Conservatives fret as Canada’s legal cannabis countdown continues
Weed | by Gregory Beatty
The clock is ticking on the federal Liberals’ pledge to legalize cannabis for recreational use by July 1, 2018. It was a campaign promise in the October 2015 election, so the government’s been working on the file for two years. You’d think that would be enough time to get its doobies in a row. But with nine months to go, things are still hazy as to how the cannabis rollout will go.
South of the border, eight states have gone legal: Nevada, Maine, Colorado, Washington, California, Massachusetts, Alaska and Oregon. So it’s not like it can’t be done. But there, the states acted independently. Federally, and in the other 42 U.S. states, cannabis remains illegal — although 23 states have legalized for medical use.
What Canada’s trying to do is legalize at a national level. Since we’re a federation, that involves some nuances. Under s.91 of The Constitution Act 1867, the feds have jurisdiction over criminal law, so Ottawa can move to make cannabis legal. But under s.92, the provinces control property and civil rights, health and commerce — so they are also part of the legalization equation.
Some provinces, such as Ontario and New Brunswick, have already announced plans to meet the Liberal deadline. Others, such Saskatchewan and Manitoba, are still at the consultation stage on what rules should govern the sale and consumption of cannabis. Saskatchewan Premier Brad Wall and Manitoba’s Brian Pallister — both conservatives — have even called on the Liberals to extend the deadline, arguing they need more time to get ready.
The Canadian Association of Chiefs of Police has issued a similar appeal. As for Andrew Scheer and the federal Conservatives, they want cannabis to remain illegal.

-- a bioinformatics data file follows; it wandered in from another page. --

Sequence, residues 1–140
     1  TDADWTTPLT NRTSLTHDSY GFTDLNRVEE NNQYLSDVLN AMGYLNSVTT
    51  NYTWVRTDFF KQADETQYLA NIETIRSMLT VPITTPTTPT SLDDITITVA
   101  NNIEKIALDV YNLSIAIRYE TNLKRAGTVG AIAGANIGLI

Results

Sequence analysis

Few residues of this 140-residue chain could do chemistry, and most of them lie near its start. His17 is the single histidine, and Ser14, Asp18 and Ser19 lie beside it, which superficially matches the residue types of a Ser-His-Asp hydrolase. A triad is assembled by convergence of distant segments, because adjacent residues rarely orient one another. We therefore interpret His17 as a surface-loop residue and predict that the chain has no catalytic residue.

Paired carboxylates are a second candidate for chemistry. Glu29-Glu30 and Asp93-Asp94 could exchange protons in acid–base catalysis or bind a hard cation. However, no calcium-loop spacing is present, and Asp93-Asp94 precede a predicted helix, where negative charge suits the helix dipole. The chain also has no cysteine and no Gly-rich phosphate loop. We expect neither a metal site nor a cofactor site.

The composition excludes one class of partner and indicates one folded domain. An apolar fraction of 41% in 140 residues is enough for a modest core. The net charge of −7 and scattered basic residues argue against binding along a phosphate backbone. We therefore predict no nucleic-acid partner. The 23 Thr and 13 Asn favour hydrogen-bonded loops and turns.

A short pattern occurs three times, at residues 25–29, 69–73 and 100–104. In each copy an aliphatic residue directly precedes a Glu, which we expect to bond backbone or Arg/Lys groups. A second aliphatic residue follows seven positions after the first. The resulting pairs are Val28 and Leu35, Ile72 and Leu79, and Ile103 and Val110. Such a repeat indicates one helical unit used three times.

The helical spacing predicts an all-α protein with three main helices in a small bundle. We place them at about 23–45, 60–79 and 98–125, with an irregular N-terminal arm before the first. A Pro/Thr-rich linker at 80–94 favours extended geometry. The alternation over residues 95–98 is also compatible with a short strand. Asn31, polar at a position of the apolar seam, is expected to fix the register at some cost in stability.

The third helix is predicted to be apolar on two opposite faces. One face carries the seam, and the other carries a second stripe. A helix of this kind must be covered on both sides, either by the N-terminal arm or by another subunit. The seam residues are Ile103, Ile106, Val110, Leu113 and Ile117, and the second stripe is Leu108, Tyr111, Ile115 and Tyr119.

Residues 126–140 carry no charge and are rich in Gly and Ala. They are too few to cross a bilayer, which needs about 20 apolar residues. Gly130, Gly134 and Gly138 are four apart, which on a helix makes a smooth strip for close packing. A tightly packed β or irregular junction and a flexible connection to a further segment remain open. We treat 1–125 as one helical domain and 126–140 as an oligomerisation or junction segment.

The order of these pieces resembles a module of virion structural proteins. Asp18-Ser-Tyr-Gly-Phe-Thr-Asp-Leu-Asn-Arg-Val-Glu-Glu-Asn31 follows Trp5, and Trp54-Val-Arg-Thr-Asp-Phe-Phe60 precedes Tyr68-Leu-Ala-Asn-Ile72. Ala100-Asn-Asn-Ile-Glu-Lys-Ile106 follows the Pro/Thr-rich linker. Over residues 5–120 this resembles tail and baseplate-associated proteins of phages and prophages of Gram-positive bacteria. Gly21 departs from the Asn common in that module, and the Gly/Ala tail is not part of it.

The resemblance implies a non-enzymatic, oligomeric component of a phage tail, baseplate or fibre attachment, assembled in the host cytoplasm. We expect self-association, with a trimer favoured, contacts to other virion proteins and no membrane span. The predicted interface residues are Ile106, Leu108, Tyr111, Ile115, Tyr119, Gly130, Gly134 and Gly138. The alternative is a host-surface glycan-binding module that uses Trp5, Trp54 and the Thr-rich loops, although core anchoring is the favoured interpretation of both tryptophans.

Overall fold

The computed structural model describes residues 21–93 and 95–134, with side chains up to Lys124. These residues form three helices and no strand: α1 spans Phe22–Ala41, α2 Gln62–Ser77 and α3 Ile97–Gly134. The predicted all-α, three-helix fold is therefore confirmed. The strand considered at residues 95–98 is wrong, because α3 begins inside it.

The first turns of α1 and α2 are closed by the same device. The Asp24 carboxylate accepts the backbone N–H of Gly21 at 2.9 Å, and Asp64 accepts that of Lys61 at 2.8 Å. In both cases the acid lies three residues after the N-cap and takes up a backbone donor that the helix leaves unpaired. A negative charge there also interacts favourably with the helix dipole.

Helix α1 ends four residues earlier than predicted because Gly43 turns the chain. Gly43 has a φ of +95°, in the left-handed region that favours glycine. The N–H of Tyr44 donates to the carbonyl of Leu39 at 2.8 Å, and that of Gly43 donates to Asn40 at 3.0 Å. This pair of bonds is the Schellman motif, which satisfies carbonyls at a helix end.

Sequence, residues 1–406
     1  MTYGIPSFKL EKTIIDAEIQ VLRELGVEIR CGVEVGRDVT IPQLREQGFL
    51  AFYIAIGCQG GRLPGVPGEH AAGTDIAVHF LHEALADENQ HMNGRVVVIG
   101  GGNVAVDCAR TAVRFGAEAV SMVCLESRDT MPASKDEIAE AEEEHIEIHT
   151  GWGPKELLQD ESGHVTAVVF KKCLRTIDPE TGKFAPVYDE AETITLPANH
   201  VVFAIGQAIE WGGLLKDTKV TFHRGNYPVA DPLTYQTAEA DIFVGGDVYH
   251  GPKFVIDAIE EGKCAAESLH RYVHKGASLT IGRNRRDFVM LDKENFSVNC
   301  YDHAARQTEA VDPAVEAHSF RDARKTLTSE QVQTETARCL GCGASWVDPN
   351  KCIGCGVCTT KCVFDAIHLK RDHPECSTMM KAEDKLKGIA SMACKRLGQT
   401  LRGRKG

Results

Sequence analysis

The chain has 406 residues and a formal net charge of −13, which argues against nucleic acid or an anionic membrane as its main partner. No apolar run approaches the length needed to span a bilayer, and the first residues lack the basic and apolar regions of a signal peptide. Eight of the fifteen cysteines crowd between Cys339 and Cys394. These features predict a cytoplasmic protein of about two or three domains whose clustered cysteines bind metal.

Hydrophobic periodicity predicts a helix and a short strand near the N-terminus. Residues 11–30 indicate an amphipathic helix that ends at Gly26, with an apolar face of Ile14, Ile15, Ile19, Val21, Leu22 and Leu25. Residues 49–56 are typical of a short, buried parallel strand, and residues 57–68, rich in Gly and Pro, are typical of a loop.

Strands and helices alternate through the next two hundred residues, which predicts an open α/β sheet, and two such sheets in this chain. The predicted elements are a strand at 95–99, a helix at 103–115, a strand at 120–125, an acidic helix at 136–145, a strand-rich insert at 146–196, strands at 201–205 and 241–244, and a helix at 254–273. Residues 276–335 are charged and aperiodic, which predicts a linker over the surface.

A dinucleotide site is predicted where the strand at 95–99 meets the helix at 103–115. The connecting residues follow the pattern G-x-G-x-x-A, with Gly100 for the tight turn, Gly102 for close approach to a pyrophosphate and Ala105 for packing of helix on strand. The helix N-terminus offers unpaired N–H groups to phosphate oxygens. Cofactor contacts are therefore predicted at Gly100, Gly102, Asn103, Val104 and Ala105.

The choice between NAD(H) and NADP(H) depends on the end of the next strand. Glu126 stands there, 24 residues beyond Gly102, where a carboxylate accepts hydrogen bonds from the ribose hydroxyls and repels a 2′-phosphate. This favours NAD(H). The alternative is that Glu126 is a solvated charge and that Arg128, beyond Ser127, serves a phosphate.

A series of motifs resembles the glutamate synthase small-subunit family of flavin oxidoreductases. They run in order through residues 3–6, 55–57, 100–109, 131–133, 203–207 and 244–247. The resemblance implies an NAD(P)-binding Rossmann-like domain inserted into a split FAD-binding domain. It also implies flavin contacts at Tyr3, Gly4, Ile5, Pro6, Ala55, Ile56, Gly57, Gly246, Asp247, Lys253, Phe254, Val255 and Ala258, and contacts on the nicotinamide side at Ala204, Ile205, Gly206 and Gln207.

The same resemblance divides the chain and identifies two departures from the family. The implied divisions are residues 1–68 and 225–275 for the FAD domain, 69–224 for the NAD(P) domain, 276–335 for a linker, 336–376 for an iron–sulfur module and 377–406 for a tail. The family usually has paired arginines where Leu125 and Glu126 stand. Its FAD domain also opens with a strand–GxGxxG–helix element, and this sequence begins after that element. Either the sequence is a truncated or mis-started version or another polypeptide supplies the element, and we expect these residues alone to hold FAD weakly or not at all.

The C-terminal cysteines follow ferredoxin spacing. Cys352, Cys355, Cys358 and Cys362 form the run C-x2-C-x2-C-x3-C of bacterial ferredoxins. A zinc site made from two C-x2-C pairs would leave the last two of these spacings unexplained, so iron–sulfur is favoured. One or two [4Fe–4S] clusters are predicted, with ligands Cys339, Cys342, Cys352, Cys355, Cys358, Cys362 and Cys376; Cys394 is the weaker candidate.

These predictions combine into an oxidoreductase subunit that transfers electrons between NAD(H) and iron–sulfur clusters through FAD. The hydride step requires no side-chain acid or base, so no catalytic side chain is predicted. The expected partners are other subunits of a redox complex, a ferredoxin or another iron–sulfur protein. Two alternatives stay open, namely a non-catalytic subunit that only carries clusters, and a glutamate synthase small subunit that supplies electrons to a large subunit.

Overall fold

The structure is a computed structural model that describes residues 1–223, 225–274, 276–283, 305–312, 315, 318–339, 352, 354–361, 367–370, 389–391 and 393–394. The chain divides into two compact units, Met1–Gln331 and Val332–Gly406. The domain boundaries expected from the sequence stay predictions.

While the situation looks chaotic, Craig Jones remains optimistic.
“It’s the Canadian way,” says Jones, the executive director of the cannabis advocacy group NORML Canada. “We’ve done it like that with everything, and we probably always will. Quebec marches to its own drum, Alberta marches to its own drum, and so on.”
Even within the cannabis community, there are divisions as to how legalization should look, says Jones.
“There are the hardcore to moderate libertarians, then there are people who are more interested in the public health approach, then there are people like me who think if we can get the criminal sanctions off cannabis it makes it possible to talk about all kinds of things,” he says. “But the criminal penalty has been by far the largest impediment to moving forward.”
To hear some (mostly conservative) politicians and law enforcement officials tell it, come next Canada Day we’re going to be hit by a tsunami of cannabis that will unleash all sorts of social evils, from impaired driving and rampant underage use to overdoses and domestic violence.
Here’s a newsflash: the tsunami’s already here. All legalizing does is bring cannabis production and consumption under government regulation, instead leaving it to the black market.